Wall Jumping Spiders

Menemerus nigli

Menemerus nigli is a species within the genus Menemerus, part of the family Salticidae, commonly known as jumping spiders. Menemerus nigli species are part of the jumping spider family, known for their excellent vision, agility, and distinctive hunting behaviors. They are characterized by their compact body shape and the ability to leap several times their body length, traits that aid in their hunting strategy.






















Menemerus nigli

Other Information


Like all jumping spiders, Menemerus nigli species are venomous, utilizing their venom to immobilize prey. However, the venom of jumping spiders is generally not harmful to humans, usually causing no more than minor symptoms such as localized pain or swelling if a bite occurs.

A Danger to Humans?

Menemerus nigli species pose minimal danger to humans. These spiders are not aggressive towards humans and tend to bite only if provoked or if they feel threatened. Bites are rare and not considered medically significant.

Population Status

Specific data on the population size of Menemerus species, including the hypothesized Menemerus nigli, is not widely available. Jumping spiders, in general, tend to have healthy populations in suitable habitats, suggesting potentially stable populations where environmental conditions are favorable.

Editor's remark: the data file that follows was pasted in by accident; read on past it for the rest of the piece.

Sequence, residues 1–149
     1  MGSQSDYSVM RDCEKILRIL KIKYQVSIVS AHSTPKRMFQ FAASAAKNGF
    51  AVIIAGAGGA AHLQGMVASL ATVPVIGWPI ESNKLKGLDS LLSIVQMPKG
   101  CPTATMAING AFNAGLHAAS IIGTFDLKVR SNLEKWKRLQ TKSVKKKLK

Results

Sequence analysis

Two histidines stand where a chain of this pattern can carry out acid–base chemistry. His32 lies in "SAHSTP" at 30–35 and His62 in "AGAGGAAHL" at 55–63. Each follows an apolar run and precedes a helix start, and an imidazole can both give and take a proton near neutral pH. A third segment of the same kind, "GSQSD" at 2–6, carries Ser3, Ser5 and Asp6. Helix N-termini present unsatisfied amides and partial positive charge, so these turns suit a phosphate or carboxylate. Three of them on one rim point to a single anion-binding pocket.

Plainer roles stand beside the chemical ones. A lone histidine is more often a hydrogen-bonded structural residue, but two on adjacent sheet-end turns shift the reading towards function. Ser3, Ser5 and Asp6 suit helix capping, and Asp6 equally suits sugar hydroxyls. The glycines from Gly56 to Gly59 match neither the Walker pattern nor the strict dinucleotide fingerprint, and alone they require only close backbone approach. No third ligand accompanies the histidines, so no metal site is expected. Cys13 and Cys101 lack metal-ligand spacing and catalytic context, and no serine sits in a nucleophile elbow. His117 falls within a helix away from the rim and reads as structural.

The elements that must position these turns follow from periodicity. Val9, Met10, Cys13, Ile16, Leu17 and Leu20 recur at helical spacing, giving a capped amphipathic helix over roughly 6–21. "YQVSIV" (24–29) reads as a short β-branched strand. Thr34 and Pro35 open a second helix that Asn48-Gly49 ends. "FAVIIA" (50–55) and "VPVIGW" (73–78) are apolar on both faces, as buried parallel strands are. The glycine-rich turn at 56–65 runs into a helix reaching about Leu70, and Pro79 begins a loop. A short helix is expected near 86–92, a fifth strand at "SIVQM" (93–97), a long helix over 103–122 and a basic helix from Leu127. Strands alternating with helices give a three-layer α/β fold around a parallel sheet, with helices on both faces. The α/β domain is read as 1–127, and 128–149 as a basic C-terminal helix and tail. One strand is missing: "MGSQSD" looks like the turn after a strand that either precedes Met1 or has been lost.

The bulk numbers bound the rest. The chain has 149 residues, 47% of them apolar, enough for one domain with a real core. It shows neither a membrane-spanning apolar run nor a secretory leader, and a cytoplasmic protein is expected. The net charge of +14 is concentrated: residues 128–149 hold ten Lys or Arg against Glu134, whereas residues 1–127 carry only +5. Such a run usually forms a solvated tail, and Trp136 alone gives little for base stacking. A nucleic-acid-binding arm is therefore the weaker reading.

Wall Jumping Spiders (Menemerus nigli), Photo by David Lowenthal

Life Span:
The lifespan of jumping spiders can vary but generally spans about 1-2 years, encompassing several stages from egg to adult.

Weight and Length:
Jumping spiders are generally small, with many species reaching body lengths of about 3 to 15 mm. Specific weight data is rarely noted due to their small size.

Menemerus nigli has been found in India, Pakistan and Thailand. The spider was first identified in western Pakistan by Wanda Wesołowska and Mario Freudenschuss. This was the second example of the genus to be identified in the country. A specimen in West Bengal, India, was confirmed as being from the same species by comparing the DNA barcode in 2017. It was the fifth species of the genus found in the country. The spider was also identified in Thailand in 2020.

Wall Jumping Spiders (Menemerus nigli), Photo by David Lowenthal

Habits and Lifestyle:
Menemerus species are diurnal, actively hunting during the day. They do not spin webs to catch prey but rather use their jumping ability to ambush or chase down insects. They may use silk for safety lines when jumping and for creating shelters or egg sacs.

Diet and Nutrition:
Their diet consists primarily of small insects. They rely on their vision to spot prey and their agility to capture it, often leaping several times their body length to do so.

Mating Habits:
Mating behavior in jumping spiders involves complex visual displays, where males perform dances and exhibit their colorful patterns to attract females. The success of these courtship rituals is crucial for mating.